Here, we demonstrated that the social bond, associated with empathy 
, affects the yawn contagion in humans in terms of occurrence (), frequency (), and response latency ().
Yawn response latency as a function of the social bond.
Social bond overrode social context and nationality differences in explaining the occurrence of contagion and the variation in the response latency. Indeed, yawning is performed by all members of the human species, immediately recognizable, and occurring in all contexts 
. Thus, it is not surprising that yawn contagion is not seriously affected by context or country of origin.
Gender differences in the empathic abilities have been widely reported, with women showing higher empathy levels than men (e.g., 
). Such differences should reflect in dissimilar yawn contagion levels of the two sexes, not revealed by our results (sex was also excluded from the best model). However, another analytical approach is needed for this purpose. In fact, possible gender divergences can only be revealed by considering yawn contagion of dyads belonging to the same social bond category (strangers to kin) and/or by examining the variation trend in the yawn contagion as a function of the social bond within each sex category.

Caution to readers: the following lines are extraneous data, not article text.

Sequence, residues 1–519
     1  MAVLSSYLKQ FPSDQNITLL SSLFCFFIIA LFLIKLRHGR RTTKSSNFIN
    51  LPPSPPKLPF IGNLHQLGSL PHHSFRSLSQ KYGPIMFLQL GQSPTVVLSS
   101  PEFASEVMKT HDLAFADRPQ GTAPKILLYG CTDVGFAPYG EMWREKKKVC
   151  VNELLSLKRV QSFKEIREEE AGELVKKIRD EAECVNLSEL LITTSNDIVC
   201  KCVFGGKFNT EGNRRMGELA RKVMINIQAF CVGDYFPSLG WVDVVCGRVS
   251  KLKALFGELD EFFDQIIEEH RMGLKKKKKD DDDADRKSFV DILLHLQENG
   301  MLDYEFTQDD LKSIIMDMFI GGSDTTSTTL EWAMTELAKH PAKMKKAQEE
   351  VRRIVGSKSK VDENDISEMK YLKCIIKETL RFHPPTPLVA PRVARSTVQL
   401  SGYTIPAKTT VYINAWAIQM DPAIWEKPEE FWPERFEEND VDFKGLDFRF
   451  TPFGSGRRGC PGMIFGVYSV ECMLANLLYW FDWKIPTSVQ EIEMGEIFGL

In agreement with previous works, sensory modality did not affect contagion. In 1942, Moore 
first reported that some blind subjects yawned in response to an audio recording of yawns. Arnott et al. 
found that the sound of a yawn, like the sight of someone yawning, was effective at eliciting an urge to yawn and activated part of the mirror neuron area (the right posterior inferior frontal gyrus; pIFG). Additionally, simply reading about yawning is sufficient to trigger yawns, when no sensory cue is involved 
The lack of an effect of the position of the observer with respect to the trigger (frontal, diagonal, or lateral) on yawn contagion matches with Provine's 
observation that yawn-detection process is not axially specific; yawns in orientations of 90°, 180°, and 270° were as potent or nearly as potent as normal, upright, 0° yawns. Moreover, in patients with unilateral destruction of the visual cortex, Tamietto et al. 
found evidence that emotional contagion occurs also when the triggering stimulus cannot be consciously perceived because of cortical blindness.
Contagion insensitivity to sensory modalities and to visual perspective (relative position) and consciousness clearly indicates that the stimulus quality does not play a primary role in triggering the yawning response in the observer. Some authors have questioned that attention differences (with observers paying closer attention to familiar subjects rather than to unfamiliar ones) could account for differences in the yawning response 
. However, heightened arousal (degree of physiological responsivity relative to a baseline) is normally detected in response to novelty whereas diminished arousal is observed in response to perceived familiarity, as a part of the habituation process, an evolutionary adaptation to avoid an unbearable overloading of the attentional system 
The importance of social bond in shaping yawn contagion demonstrates that empathy plays a leading role in the modulation of this phenomenon. Not only is contagion greater between familiar individuals, but it also follows an empathic gradient